The marshal who died near Llandudno during last weekend’s Cape Town Cycle Tour was a member of the Helderberg Sunrise Rotary Club.
While not all details were available, Jeremy Glover, 71, was apparently struck by a cyclist on an S-bend after the Llandudno turn-off on Sunday morning, March 11.
He died in hospital later in the afternoon.
Helderberg Sunrise Rotary president, Casper Kruger, said on the club’s website that Mr Glover’s two sons had been informed of his death, and were travelling to South Af- rica.
“While we mourn this tragic loss, let us stand together and assist the family where we can,” he said.
According to his Rotary biography, Mr Glover was born on March 3 1947 in Singapore. He was educated at boarding school in the UK, before joining the Sandhurst Military Academy. In 1967, he joined the Royal Artillery and later was part of the British Mili- tary Training Team in Zimbabwe.
After taking early retirement, he and wife, Caro, built a photographic safari camp in the Gwaai Valley new Zimbabwe’s Hwange National Park.
In 2003, the couple moved to South Africa. Following Caro’s death in 2011, he took up bowling with the Gordon’s Bay Bowling Club and joined Helderberg Rotary, in addition to becoming involved in the administration of his local Anglican church.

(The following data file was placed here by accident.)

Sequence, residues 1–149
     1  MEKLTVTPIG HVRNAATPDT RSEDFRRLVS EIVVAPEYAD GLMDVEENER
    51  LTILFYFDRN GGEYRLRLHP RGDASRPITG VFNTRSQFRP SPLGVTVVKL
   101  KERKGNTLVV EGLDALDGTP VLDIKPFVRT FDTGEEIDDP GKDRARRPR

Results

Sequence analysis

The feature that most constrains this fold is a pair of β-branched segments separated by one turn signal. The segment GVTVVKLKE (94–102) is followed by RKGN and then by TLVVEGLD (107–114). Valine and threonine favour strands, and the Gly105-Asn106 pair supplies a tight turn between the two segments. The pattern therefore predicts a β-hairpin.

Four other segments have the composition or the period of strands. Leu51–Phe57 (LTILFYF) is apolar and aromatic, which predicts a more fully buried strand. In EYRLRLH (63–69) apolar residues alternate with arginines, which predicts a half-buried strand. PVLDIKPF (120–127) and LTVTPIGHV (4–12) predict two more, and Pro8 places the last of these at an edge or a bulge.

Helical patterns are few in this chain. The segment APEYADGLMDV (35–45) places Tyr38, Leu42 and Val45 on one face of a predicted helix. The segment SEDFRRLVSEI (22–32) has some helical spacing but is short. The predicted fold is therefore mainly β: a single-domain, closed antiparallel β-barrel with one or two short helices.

Cycle Tour spokesman, David Bellairs, said Rotary marshals had always been an integral part of the tour.
“Most of them work alongside us year after year in a voluntary capacity. They are part of the Cycle Tour family, as are our riders, and we are deeply saddened by this news. We ask for respect for the family’s privacy at this time,” he said.
Two cyclists were killed on this year’s tour. Just before 9am on the M3 southbound a group of 20 cyclists were involved in a pile-up, and one cyclist succumbed to the injuries he sustained in this incident. Another man died of a suspected heart attack at Smitswinkel Bay at 10.22am.
“For the vast majority of our cyclists and those working behind the scenes, the 2018 Cape Town Cycle Tour reached a successful culmination after months of hard work. But three families are in mourning for the three lives lost on the route this year,” Mr Bellairs said.
“I want to assure everyone that all measures are taken to ensure participants’ and marshals’ safety on the route. In my 28 years working on the Cycle Tour, there have been only two trauma-related deaths on the day of the Cycle Tour. Our hearts and prayers are with the families at this very sad time. We have extended our most sincere condo- lences.”